Andromeda’s Sisters features women of different generations. We think of the cycle of life of women as maiden, mother, and crone and yet in our society the crone is usually the least understood and venerated. What do you think of the notion that women are supposed to age gracefully?

Once I hit 40 and 50, I learned not to give a fuck anymore. I say what I am going to say and won’t put on a mask to please everyone else. Beauty as an accepted societal norm, to only look in a certain way is part of patriarchal society, but old women are gloriously beautiful. There’s a trade-off of “I am going to hand you my youth and hot body for my spirit and soul and freedom.” Actually, they can co-exist.

And who is defining graceful? Is it to be full of fear and don’t eat and stuff your face with Botox? Let our faces and bodies be the map of all that we have done and loved and created. For me, I am going to go, sliding with a grass stain on my ass, knocking my teeth on the curb, my hair frizzled, screaming at the top of my voice and laughing, probably with my skirts flying over my head and my yoni flapping out. I call that graceful because it is truth and honesty to myself in the glory of my highest expression. And thank God I get to age, because I know too many dead kids.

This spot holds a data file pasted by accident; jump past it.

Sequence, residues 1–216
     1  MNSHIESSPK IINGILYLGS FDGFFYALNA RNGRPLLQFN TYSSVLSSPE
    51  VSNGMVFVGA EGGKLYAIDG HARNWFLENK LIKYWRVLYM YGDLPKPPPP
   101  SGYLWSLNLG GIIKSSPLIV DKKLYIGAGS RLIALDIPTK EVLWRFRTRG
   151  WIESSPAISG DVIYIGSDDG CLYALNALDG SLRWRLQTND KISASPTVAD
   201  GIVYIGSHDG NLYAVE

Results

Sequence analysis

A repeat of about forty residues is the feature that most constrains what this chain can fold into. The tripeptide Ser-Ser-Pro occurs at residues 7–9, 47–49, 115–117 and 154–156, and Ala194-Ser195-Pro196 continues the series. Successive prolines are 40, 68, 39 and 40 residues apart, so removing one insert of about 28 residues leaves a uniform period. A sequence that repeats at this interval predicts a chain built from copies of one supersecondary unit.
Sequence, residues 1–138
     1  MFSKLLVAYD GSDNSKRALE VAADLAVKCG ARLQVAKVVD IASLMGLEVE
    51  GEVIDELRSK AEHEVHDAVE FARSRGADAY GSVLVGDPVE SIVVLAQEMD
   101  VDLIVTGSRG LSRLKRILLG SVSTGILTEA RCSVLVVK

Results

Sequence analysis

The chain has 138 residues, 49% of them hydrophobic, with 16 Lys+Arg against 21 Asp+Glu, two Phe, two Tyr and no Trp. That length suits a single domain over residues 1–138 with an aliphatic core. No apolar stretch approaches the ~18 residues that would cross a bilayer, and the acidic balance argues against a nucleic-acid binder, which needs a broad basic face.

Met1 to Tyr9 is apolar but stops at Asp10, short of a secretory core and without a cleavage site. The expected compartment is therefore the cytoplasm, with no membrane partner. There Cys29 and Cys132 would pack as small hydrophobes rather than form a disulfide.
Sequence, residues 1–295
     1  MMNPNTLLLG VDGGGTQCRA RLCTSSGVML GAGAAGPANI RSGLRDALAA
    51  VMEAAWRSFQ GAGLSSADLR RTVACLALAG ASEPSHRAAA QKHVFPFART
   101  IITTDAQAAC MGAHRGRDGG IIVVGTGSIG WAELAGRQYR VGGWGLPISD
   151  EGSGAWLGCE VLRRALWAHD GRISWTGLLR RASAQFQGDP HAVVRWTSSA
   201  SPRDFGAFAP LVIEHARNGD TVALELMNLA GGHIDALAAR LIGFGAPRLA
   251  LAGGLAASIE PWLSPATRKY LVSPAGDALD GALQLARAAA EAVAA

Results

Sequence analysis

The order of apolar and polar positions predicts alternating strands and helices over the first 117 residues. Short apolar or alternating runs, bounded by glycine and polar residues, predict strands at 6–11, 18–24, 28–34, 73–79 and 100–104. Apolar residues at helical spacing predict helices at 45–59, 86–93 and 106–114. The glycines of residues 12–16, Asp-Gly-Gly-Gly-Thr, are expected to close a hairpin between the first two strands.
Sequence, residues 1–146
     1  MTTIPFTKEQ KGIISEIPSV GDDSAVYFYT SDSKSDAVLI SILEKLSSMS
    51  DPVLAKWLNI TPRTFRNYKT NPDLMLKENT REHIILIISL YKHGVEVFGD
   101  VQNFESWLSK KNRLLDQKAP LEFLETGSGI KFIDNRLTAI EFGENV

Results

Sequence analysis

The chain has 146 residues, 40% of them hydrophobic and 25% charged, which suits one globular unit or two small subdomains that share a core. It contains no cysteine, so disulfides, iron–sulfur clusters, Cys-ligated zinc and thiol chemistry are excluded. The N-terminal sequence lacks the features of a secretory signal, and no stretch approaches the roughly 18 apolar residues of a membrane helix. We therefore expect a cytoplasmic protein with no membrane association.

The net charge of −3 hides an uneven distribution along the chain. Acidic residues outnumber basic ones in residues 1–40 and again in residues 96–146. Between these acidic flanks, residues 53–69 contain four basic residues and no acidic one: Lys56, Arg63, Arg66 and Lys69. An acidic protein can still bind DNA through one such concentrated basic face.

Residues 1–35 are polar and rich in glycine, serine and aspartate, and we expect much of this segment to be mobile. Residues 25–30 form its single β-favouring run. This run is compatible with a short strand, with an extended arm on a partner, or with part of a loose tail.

Given the importance of conversation, we are living at one of the most divided times in this country in its history. People have gone into their own silos of communication and information. Remember when Walter Cronkite read the news? There was an agreed-upon reality. How do you break out of an echo chamber to reach others?

It would be different if people could sit in the stew of mixed positions if there weren’t people out there killing people because they are Black or LGBTQ or immigrants. Or endangering women because they want reproductive rights. People are seriously in danger. If we all entrench then no one is able to come together and listen and be in conversation. It’s why the humanities and the arts are so important to our education and community — for the exchange of ideas and a place where we can listen and think and wonder. The arts aren’t going to come and kill you, but they may make you think about your place in this story.

An important question to ask is what do you fear most? At the essence of hate is fear. Who is this person across from me and what is their history? If we could look at the fear honestly, I think we could at least respect each other even if we didn’t agree.